The Regulation of Software Agents

It is now being recognised that a number of wider legal and regulatory issues arise from the increased use of autonomous agents and devices. Since robots[1] rely on sensors to perform their tasks, they also raise serious issues of data protection and privacy. Software agents have authority to decide what actions are appropriate.

Related concepts include:

  • Intelligent agents, in particular those that exhibit a form of AI such as learning and reasoning.
  • Autonomous agents, capable of modifying the way in which they achieve their objectives.
  • Distributed agents, sitting on physically distinct computers.
  • Multi – agent systems ( distributed agents that do not have the capability to act alone and must therefore communicate with another agent)
  • Mobile agents, that can relocate onto different processors.

As organisations adopt the use of software agents to automate complex or repetitive tasks, organisational and cultural impacts arise that need to be considered. Software agents can work with great speed to search the internet or trading platform, with some algorithmic strategies being programmed to act within ‘nano seconds’, known as High Frequency Trading [HFT]. As the volumes of HFT grow causing volatility, market regulators are increasing looking to introduce enhanced regulation, to prevent market failure such as the ‘Flash Crash’ of May 6th 2010 when the Dow Jones collapsed by 1000 points (9%) within minutes, only to recover within minutes.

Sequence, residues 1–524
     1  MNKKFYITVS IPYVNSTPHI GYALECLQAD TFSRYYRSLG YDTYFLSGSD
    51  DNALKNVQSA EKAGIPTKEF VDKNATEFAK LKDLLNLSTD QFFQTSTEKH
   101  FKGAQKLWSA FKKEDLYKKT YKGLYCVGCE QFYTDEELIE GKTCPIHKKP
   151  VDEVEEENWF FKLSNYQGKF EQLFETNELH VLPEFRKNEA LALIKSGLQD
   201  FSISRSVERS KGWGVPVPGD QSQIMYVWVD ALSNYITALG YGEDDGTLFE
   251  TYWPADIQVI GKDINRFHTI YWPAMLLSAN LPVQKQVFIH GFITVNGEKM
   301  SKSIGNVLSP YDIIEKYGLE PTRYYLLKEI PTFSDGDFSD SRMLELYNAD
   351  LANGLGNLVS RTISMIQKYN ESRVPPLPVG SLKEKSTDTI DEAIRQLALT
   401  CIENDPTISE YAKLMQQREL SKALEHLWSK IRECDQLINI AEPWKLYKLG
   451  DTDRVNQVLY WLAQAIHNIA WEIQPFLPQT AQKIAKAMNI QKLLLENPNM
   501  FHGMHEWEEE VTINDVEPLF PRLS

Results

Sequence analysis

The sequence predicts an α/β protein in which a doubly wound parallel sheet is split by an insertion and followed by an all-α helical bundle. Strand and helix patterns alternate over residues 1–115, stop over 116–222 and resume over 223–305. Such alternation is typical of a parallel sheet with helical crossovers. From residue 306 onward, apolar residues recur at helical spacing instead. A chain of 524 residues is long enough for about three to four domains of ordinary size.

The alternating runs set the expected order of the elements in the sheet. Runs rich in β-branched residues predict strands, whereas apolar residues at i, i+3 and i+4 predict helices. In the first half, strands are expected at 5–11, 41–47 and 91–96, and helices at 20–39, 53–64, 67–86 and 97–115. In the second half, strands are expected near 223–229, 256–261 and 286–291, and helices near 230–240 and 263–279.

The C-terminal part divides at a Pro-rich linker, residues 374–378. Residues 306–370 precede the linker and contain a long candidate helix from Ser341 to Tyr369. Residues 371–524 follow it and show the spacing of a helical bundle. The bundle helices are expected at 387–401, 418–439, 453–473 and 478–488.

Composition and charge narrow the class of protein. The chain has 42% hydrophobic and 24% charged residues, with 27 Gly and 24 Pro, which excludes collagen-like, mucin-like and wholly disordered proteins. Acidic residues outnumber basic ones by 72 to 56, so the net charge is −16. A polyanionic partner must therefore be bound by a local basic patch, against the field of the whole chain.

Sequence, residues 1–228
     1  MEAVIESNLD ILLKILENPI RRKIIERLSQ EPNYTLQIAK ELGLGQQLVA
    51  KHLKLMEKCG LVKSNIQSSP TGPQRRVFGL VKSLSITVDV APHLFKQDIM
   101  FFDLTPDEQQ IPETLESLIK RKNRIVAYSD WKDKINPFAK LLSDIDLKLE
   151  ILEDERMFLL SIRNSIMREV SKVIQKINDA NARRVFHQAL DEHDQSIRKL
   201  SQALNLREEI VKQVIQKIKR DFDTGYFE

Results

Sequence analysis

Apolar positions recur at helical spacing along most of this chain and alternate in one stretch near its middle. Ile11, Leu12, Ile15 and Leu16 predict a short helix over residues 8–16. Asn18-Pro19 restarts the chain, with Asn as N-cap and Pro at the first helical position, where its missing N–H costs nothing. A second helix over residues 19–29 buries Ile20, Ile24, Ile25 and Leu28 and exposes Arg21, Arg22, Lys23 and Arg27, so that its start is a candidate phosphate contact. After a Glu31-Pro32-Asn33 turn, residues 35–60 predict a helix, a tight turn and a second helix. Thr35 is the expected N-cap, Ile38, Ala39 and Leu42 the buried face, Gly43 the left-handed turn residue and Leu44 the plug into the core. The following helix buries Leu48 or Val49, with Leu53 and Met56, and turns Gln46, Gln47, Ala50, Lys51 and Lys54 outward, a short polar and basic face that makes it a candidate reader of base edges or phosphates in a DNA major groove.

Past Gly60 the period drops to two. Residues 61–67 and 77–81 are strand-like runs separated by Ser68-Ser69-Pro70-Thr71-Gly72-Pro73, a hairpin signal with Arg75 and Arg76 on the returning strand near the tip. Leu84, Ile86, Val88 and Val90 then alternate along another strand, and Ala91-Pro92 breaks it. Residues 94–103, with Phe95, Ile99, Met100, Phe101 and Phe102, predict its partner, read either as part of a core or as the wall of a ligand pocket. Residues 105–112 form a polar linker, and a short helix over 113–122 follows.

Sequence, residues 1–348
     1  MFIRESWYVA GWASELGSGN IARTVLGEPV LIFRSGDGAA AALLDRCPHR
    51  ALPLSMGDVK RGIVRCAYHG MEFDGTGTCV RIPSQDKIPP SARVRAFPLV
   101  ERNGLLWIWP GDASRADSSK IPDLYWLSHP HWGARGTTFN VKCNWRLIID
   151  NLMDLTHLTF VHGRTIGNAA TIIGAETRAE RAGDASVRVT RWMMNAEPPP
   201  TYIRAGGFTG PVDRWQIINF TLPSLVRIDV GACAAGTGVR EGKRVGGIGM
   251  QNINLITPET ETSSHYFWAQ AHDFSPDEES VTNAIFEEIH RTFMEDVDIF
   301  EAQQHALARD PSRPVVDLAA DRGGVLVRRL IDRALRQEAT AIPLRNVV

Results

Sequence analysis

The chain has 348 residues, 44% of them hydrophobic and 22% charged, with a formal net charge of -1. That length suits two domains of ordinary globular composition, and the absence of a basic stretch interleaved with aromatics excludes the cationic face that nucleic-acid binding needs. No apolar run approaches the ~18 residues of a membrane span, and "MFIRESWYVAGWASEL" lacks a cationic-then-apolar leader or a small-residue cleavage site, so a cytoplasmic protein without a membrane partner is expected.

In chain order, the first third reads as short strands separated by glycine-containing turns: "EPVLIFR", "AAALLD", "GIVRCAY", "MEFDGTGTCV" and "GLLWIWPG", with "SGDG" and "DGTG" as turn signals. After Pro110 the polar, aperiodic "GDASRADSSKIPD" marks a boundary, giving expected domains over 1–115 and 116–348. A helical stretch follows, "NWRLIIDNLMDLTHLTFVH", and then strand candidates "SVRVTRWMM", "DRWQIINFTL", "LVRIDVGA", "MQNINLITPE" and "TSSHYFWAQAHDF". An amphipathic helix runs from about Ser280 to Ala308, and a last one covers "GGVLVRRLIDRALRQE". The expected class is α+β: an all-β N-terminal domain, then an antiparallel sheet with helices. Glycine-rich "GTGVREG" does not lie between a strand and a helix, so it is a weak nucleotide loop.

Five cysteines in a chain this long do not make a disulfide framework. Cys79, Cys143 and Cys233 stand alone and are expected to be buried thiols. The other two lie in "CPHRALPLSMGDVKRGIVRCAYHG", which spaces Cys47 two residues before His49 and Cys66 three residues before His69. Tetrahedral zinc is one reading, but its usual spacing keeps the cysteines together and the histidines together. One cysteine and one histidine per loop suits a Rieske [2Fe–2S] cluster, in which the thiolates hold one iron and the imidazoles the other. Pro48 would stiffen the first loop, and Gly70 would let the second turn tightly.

Application of the technology:

Applying the blockchain concept to the world of Internet of Things, offers fantastic possibilities for supply chain technology. As soon as a product completes final assembly, it can be registered by the manufacturer into a universal blockchain representing the beginning of its’ life. Once sold, a dealer or end user can then register on a local blockchain, to maintain product information, history, product revisions, warranty details and end of life history. The ability to trace a products life throughout its journey in real time creates great opportunities to build reliable and trusted global supply chains built on the emerging technology.

Smart contracts will permit smart devices to detect component failure, check warranty status, place service orders with approved service providers, record the corrective action, all autonomously. Non-payment of finance may result in automated recovery without the need to instruct lawyers, for example in vehicle finance a ‘smart key’ could be cancelled, and instruction given to a recovery firm to repossess the vehicle by the computer programme without recourse to a traditional legal recovery process.

The market sector which seems to be quickest to adopt the blockchain technology is financial services where recent announcements have been made of development new trading platforms by Institutions including JP Morgan and Bloomberg[2][a][b][c][d]. The main features that have been of interest seem to be the ability to transact huge volumes of contracts and traceabiity of all transactions on a distributed registry rather than in an existing cloud computing environment.